Oberon-2 provides built-in runtime support for garbage collection similar to Java and performs bounds and array index checks, etc., that eliminate the potential stack and array bounds overwriting problems and manual memory management issues inherent in C and C++. Separate compiling using symbol files and namespaces via the module architecture ensure fast rebuilds since only modules with changed interfaces need to be recompiled.

The language Component Pascal[2] is a refinement (a superset) of Oberon-2.

Example code[edit]

The following Oberon-2 code implements a simple binary tree:


    Tree* = POINTER TO Node;
    Node* = RECORD
        name-: POINTER TO ARRAY OF CHAR;
        left, right: Tree

PROCEDURE (t: Tree) Insert* (name: ARRAY OF CHAR);
    VAR p, father: Tree;
BEGIN p := t;
    REPEAT father := p;
        IF name = p.name^ THEN RETURN END;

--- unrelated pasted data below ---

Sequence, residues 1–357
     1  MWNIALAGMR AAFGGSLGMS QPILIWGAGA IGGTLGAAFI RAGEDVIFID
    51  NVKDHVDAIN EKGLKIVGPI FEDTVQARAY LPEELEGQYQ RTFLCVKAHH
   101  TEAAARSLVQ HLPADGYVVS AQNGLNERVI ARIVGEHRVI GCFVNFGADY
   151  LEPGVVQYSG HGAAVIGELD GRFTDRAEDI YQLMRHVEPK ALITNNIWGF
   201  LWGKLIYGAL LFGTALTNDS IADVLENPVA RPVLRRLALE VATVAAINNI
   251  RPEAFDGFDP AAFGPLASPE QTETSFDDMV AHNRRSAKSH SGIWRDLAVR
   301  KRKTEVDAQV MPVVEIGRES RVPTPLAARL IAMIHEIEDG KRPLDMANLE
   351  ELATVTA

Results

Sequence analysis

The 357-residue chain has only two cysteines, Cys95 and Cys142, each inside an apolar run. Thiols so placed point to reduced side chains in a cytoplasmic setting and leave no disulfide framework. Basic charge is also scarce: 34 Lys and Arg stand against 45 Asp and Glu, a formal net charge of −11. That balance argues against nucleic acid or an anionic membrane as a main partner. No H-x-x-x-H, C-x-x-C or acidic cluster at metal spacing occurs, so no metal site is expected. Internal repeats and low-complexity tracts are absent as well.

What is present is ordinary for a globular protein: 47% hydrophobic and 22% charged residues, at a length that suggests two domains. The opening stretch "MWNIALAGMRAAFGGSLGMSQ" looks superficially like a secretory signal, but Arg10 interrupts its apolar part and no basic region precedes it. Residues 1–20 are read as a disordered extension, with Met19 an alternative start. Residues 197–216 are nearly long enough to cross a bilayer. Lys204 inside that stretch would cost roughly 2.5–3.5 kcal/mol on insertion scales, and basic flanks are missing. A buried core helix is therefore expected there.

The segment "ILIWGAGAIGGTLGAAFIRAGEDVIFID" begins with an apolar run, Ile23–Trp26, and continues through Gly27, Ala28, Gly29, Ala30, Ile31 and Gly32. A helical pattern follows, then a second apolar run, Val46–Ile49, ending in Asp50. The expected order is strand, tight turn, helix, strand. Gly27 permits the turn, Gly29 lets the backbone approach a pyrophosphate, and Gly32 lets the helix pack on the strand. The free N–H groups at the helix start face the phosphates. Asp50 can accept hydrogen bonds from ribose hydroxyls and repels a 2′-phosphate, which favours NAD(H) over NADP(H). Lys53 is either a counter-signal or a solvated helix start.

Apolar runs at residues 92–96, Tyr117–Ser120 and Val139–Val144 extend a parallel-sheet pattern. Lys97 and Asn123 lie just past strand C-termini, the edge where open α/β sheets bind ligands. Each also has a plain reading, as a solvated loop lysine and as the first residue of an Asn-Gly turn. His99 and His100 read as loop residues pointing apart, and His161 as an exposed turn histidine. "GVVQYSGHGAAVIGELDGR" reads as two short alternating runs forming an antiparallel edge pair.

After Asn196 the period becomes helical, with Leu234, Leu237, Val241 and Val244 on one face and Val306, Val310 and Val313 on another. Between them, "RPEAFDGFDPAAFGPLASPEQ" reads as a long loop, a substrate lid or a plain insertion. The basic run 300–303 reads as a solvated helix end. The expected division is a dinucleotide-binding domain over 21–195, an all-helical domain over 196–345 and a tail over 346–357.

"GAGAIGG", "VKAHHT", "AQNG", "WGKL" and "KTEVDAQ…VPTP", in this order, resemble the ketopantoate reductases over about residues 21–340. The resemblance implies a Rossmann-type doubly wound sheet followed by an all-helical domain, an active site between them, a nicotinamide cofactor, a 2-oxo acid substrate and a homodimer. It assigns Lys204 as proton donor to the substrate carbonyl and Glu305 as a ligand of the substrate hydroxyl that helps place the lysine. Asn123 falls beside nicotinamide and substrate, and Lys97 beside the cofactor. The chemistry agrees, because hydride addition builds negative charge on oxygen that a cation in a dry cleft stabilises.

IF name < p.name^ THEN p := p.left ELSE p := p.right END
    UNTIL p = NIL;
    NEW(p); p.left := NIL; p.right := NIL; NEW(p.name, LEN(name)+1); COPY(name, p.name^);
    IF name < father.name^ THEN father.left := p ELSE father.right := p END
END Insert;

PROCEDURE (t: Tree) Search* (name: ARRAY OF CHAR): Tree;
    VAR p: Tree;
BEGIN p := t;
    WHILE (p # NIL) & (name # p.name^) DO
        IF name < p.name^ THEN p := p.left ELSE p := p.right END
    RETURN p
END Search;

PROCEDURE NewTree* (): Tree;
    VAR t: Tree;
BEGIN NEW(t); NEW(t.name, 1); t.name[0] := 0X; t.left := NIL; t.right := NIL; RETURN t
END NewTree;

END Trees.

Oberon-2 extensions to Oberon[3][edit]

Type-bound procedures[edit]

Procedures can be bound to a record (or pointer) type. They are equivalent to instance methods in object-oriented terminology.

Read-only export[edit]

The use of exported variables and record fields can be restricted to read-only access. This is shown with a "-" visibility flag.

Open arrays[edit]

Open arrays which formerly could only be declared as formal parameter types may now be declared as pointer base types.

FOR statement[edit]

The FOR statement of Pascal and Modula-2 was not implemented in Oberon. It is reintroduced in Oberon-2.

Runtime type checking[edit]

Oberon-2 provides several mechanisms for checking the dynamic type of an object. For example, where a Bird object might be instantiated to either a Duck or a Cuckoo, Oberon-2 allows the programmer to respond to the actual type of the object at runtime.